Over time, Tenth Church found it increasingly challenging to support MCO/SMI, particularly in the area of liability insurance with regard to MCO/SMI outreach activities. Therefore, in the spring of 2020, the Session of Tenth Church asked MCO to consider other partnerships that could better support its mission and ministry. After a long and prayerful search, MCO was thrilled to announce that they will be joining Christian Community Health Fellowship (CCHF) effective March 2022. CCHF, whose national office is in Memphis, TN, is a networking and mentoring organization that encourages and equips clinics, medical professionals, and students to spread the gospel through healthcare among the poor. Esperanza Health Center here in Philadelphia has been a CCHF member clinic for decades and already is a partner to MCO in the implementation of SMI. The Session of Tenth Church values the unique and far-reaching ministry of MCO/SMI and anticipates a long and fruitful relationship with MCO as a partner organization in the years ahead. MCO is grateful to Tenth Church for years of guidance and support and look forward to this new chapter of partnership in the gospel.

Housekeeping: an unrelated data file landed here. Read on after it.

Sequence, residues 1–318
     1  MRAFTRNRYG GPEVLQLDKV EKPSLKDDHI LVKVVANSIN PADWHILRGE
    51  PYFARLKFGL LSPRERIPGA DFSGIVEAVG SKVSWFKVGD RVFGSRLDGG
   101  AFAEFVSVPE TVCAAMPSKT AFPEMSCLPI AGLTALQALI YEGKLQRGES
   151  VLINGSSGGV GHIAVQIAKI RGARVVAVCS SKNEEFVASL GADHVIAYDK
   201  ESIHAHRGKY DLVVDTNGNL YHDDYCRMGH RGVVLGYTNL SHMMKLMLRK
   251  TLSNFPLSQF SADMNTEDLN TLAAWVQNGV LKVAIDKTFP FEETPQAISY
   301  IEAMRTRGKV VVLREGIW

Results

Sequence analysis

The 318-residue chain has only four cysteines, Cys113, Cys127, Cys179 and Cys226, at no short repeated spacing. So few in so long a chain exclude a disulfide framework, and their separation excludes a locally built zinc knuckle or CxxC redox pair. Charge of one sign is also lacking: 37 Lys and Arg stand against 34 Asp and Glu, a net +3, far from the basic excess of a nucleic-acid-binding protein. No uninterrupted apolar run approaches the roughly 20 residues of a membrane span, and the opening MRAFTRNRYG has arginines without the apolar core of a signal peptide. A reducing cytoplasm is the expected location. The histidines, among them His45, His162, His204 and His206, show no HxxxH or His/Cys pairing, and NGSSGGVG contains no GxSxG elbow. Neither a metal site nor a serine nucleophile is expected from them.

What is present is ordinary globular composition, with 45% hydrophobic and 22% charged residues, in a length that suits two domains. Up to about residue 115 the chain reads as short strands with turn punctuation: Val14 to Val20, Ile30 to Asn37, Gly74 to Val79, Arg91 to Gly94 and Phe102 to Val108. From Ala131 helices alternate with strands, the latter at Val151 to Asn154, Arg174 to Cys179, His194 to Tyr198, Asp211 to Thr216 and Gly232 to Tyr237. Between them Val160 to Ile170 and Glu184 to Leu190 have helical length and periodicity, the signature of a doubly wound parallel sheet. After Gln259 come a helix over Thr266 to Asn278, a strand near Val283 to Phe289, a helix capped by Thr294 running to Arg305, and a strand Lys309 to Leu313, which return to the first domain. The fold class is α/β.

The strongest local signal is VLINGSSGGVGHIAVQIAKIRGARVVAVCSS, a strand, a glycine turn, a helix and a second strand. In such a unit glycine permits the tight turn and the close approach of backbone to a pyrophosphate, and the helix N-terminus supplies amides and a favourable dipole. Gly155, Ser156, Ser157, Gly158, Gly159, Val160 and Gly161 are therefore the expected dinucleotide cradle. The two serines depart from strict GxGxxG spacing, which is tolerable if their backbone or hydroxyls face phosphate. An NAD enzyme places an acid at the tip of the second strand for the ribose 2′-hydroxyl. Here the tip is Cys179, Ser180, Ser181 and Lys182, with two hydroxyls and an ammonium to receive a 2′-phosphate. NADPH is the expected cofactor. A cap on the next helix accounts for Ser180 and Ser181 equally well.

Ultimately, MCO’s history is a history of the Holy Spirit at work. He has initiated, sustained, and grown this ministry. He has raised up leaders who heard Jesus’ call in Matthew 28:18-20 and kept that call central. Through the ministry of MCO Philly, dozens of medical students have come to know Christ and hundreds have been discipled or mentored. Over 10 families from MCO Philly are now serving full-time overseas. In addition, MCO Philly alumni serve on staff at several urban Christian health clinics around the country (Esperanza, East Liberty in Pittsburgh, Siloam in Nashville) as well as in academic positions throughout the country.  Many also serve as leaders and elders in their churches.

By joining with CCHF, MCO gets the joy of continuing mentoring, discipling, and encouraging healthcare students and professionals to follow Jesus. The day-to-day work in Philadelphia remains unchanged. MCO will continue to visit campuses and host events and prayer meetings. The changes will be mostly administrative. 

SMI will also only have administrative changes. The program is being finalized and will remain much the same as it has in recent years – with the hope that the pandemic restrictions of the last two summers (2020-21) might ease some and a more normal SMI program can resume. Over time, the strengthened relationship with Esperanza should allow for SMI to continue to grow. There are even hopes of reproducing it through other CCHF affiliated clinics throughout the country.


Will you join with MCO Philly as they “proclaim Christ and make disciples on Philadelphia’s health care campuses”?